While this tax is small, it is estimated to raise about $30 million every year in much-needed funds for: 1) public transportation and 2) to fix the city’s most dangerous streets.
More specifically, half of the funds will go to the SF Municipal Transportation Agency (SFMTA) to hire more Muni drivers and buy more buses and trains. The other half of the funds will be designated for Vision Zero walking and biking safety projects, to be managed by the San Francisco County Transportation Authority (SFCTA).
It’s the much-needed funds for Vision Zero projects that Walk San Francisco is especially enthusiastic about. This is money to redesign the most dangerous streets. The City is making progress on fixing the “high-injury network,” the 13% of San Francisco streets where 75% of traffic crashes happen. But over 50% of the streets the high-injury network have yet to receive any safety improvements, and the City has major funding gaps as identified by the Transportation Task Force 2045. Yet we need these projects now to save lives.
What kinds of Vision Zero pedestrian safety projects are we talking about? These are things like raised crosswalks, curb extensions (called ‘bulbouts’), traffic signals that let pedestrians start walking before traffic starts, and traffic calming tools (like strategically-placed posts, paint, and rubber bumpers) to slow vehicles and make pedestrians more visible and protected. These are highly effective, proven ways to design streets for pedestrian safety.
Other major cities already have established taxes like Proposition D
Other major cities already have fees and taxes on Uber and Lyft. Chicago, Portland, Philadelphia, Washington, D.C., and Seattle all have per-trip fees or percentage of total fare taxes. The entire state of Massachusetts has a $0.20 per-trip fee. New York has a 4% tax on trips that begin outside of New York City.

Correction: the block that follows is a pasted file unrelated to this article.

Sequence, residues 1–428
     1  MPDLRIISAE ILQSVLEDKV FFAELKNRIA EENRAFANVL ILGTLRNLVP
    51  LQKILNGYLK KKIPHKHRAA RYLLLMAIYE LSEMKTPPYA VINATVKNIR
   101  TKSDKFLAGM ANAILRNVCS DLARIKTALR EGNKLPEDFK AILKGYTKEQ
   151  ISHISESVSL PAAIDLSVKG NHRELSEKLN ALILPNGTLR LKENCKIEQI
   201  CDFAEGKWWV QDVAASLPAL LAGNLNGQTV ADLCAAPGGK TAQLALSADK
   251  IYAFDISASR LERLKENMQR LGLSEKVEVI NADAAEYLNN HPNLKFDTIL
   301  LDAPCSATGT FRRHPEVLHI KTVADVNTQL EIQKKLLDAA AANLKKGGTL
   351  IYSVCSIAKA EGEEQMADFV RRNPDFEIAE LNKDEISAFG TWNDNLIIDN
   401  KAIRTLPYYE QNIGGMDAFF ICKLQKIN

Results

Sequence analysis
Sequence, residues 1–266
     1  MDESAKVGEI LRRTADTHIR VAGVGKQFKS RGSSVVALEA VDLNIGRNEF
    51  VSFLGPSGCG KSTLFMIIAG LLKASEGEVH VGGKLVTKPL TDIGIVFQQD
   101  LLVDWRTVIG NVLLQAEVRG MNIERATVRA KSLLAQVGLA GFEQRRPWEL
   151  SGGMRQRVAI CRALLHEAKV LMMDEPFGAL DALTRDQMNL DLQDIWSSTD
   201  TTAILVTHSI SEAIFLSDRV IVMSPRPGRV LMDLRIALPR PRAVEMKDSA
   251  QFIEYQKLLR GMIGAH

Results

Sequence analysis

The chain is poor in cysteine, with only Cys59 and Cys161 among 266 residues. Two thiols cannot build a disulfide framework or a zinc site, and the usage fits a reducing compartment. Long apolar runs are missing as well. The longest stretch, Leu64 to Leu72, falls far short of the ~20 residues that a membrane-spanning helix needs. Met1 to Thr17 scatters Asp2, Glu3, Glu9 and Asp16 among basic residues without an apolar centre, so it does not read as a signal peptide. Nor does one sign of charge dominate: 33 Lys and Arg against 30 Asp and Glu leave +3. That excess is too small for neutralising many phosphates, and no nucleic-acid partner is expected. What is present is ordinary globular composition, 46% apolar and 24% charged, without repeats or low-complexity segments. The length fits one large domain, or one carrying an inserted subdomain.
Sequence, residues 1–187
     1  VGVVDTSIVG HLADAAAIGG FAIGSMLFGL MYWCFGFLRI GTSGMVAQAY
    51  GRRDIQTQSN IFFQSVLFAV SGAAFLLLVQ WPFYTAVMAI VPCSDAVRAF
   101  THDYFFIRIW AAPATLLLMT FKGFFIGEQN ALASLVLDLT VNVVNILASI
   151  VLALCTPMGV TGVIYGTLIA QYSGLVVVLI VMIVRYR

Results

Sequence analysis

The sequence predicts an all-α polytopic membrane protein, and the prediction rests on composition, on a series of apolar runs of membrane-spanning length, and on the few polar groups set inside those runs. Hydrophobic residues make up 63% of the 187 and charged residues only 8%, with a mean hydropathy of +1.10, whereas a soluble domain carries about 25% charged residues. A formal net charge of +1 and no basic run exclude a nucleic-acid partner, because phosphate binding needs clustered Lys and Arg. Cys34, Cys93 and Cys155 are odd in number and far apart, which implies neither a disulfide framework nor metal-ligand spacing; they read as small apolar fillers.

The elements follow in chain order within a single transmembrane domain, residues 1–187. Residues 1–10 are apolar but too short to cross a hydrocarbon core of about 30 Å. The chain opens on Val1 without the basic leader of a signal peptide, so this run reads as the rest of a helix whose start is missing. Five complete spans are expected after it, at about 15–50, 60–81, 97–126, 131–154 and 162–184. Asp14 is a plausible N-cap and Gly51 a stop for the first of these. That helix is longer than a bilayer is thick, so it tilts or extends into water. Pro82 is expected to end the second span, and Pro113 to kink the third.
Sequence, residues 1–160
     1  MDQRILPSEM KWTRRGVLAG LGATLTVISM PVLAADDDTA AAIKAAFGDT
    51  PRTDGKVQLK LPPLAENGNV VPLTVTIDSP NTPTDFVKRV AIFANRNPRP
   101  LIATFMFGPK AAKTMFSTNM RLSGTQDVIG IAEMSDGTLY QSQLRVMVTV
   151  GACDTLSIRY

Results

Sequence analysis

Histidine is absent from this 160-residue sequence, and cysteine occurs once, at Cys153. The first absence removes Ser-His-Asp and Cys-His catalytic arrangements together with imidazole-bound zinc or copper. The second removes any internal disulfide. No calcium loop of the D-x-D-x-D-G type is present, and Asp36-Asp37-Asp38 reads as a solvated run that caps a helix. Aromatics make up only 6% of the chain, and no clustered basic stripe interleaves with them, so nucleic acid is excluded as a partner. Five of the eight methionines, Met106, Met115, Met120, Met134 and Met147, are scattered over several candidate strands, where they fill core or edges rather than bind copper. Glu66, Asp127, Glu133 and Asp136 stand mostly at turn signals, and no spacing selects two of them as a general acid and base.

We really need your help to pass Prop D
Despite the long list of endorsements of Proposition D, the campaign itself is relatively under-the-radar for voters right now. And Prop D is a tax, so it requires a two-thirds vote to pass. So we really need your help!
- Vote for Prop D today: early voting starts October 7; voter registration closes October 21; Election Day is November 5
- Spread the word to everyone you know in San Francisco. Here’s a sample email you can send and a logo to use on social media. #YesOnD #SaferStreetsBetterTransit
- Sign up to volunteer at upcoming events like farmers’ markets and busy transit stops to talk with voters
- Stop by our office during business hours to pick up your Yes on Prop D sign
- Donate to Walk San Francisco to boost our work to win more funding for safe streets!
We’re going need to act quickly to get the word out on Prop D, so thank you for anything and everything you can do to get us to a big win on Election Day!
Sources: TNCs & Congestion, San Francisco County Transportation Authority; Understanding the Recent Transit Ridership Decline in Major US Cities: Service Cuts or 2 Emerging Modes? University of Kentucky; The TNC Regulatory Landscape, San Francisco County Transportation Authority; Eno Brief: Taxing New Mobility Services: What’s Right? What’s Next, Eno Foundation; SF Transportation Task Force 2045
Banner image: SFMTA Photo Dept.